The principles of singularity and expressing terroir are nowadays the signatures of his estate. Olivier produces exclusively single-vineyard champagnes made from naturally farmed fruit. He tried to go 100% organic in 2012, but lost the majority of his crop to powdery mildew and is therefore now “organic in a pragmatic way” (which means not certified), claiming 70% of his vines are cultivated organically. His focus during harvest is on a well-balanced yield – “too low and you miss ripeness, too high and you lose density and concentration.” In general, acid levels are around 7 g/l at Ulysse Collin, with good maturity and a low pH of around 3.05.
His work in the cellar is similarly straightforward, with an emphasis on minimal interference. He uses native yeasts and as little sulphur as possible (the aim is 50–65 mg/l), and the wines are topped off with minimal dosage (a maximum of 2.4 g/l) and bottled at a lower pressure than most. All of his base wines come into contact with oak and the reserve wines are aged in barrels and casks. Each cuvée is disgorged twice a year, the perfect time being mid-February, “when it is cool and there is no oxidation risk” and before “temperatures and workloads in the vineyard increase.”
Not just a vigneron and chef de cave, Olivier has business acumen to boot. He still sells 3.4 ha of his grapes to Pommery (though he assured us that by 2025, he will have much more wine to sell under his own label), the money from which goes toward increasing the proportion of reserve wines. “In the beginning I could hardly afford to keep any [reserve wine]. But I’ve had a proper system since 2012.” His blends in 2018 for example, were 80% reserve wine. Olivier has also been bottling 200 magnums of each cuvée since 2015 and now has more than 200,000 bottles in stock. “It is better to keep bottles when you are rich,” he quipped.
The six different champagnes in the range (from five different lieux-dits) and the years Olivier first bottled them are: the three Blanc de Blancs, Les Pierrières (2004), Les Roises (2008) and Les Enfers (2010); a Blanc de Noirs and a Rosé de Saignée, both from Les Maillons (2006 and 2011, respectively); and Jardin d’Ulysse (2015), an area co-planted with all three grape varieties.
Of utmost importance to Olivier is his homeland, La Coteaux du Petit Morin (originally Vallée du Petit Morin), which he believes has been unfairly equated with the neighbouring Côte de Sézanne for too long. He is an animated educator, endearingly keen on his craft, and he frequently referred to the detailed maps that adorn the walls of his house. Pierrières, Roises and Enfers are all located in the north of the 970 ha Morin, where the high-limestone soil is opportune land for Chardonnay vines. Maillons, on the other hand, sits on higher-clay profile soil near the border of 1,200 ha Côte de Sézanne.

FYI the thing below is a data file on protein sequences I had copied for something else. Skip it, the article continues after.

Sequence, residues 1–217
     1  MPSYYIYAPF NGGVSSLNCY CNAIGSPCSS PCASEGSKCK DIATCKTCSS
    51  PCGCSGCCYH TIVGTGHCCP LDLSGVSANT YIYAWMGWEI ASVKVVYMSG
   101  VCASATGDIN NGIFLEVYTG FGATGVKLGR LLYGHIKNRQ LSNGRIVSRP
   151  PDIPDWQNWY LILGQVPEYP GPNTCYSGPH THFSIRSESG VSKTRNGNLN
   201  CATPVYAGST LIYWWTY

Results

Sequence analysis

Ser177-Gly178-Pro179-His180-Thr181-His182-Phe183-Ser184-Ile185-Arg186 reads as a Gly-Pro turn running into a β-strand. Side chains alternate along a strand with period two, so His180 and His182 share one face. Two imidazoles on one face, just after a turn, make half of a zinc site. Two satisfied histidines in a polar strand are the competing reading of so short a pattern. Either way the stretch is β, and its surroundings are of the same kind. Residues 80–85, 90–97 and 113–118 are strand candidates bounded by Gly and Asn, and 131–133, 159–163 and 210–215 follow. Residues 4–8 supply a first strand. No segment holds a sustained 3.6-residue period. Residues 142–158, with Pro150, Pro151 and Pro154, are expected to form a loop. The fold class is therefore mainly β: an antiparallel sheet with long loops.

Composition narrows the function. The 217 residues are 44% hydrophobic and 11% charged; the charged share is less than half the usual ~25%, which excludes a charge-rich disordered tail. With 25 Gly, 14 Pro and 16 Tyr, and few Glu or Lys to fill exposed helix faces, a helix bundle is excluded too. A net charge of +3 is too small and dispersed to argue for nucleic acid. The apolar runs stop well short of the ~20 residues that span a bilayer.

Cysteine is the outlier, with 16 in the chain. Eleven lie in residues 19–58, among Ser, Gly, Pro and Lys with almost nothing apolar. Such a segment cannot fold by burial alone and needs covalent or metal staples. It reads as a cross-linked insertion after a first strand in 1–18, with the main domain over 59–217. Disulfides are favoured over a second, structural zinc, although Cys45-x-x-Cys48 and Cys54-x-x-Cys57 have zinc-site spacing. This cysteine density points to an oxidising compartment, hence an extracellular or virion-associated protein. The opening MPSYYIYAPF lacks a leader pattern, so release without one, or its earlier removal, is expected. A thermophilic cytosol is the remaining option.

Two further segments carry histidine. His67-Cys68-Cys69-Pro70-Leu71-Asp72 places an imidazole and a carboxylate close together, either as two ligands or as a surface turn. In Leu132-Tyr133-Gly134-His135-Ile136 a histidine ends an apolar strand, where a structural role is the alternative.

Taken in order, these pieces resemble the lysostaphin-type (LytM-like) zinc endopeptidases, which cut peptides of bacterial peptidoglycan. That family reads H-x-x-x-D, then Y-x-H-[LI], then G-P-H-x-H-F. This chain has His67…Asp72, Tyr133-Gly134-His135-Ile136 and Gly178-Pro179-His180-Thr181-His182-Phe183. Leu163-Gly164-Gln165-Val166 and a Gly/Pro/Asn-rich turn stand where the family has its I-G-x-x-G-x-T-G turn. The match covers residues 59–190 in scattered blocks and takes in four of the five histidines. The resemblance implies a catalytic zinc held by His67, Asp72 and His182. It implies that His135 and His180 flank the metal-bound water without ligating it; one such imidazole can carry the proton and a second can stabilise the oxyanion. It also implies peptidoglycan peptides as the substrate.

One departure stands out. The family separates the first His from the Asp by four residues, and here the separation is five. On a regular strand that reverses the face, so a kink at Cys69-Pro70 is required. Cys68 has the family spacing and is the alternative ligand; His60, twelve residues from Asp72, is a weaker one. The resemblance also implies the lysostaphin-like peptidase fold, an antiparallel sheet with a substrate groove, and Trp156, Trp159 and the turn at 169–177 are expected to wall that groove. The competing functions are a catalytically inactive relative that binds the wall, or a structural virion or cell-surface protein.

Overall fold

As you will see from our tasting notes below, the Ulysse Collin range can get somewhat confusing. Olivier isn’t strict about the vintage content, as “it is very difficult to produce single vineyard champagne with one vintage … some vintages need some time, or the addition of reserve wines.” Thus, halfway through our tasting we were informed that the ‘Vintage 2007’ actually had 30% reserve wine from 2006, and so on. Therefore, while some champagnes are in fact a ‘pure vintage’, others are technically NVs (or MVs).
To further muddy the water, the vineyards weren’t labelled on any of his champagnes until 2008; Les Pierrières and Les Maillons were originally simply ‘Blanc de Blancs’ and ‘Blanc de Noirs’. There is also no website nor any promotional literature to provide clarity – “just a Facebook page.” Olivier does a poor job of hiding his satisfaction at the quirky complication of his range. “It’s necessary to come to the domaine to understand!” he laughs.
During his first year in charge, the notoriously challenging 2003, the vines were too badly affected by frost and Olivier was forced to sell off his grapes. His first official vintage was therefore 2004, in which he produced 5,500 bottles of a single wine – the chalky 1.2 hectare Chardonnay plot, Pierrières. Launched as Blanc de Blancs 2004, Olivier showed us his very last bottle(!) and one if his last four magnums.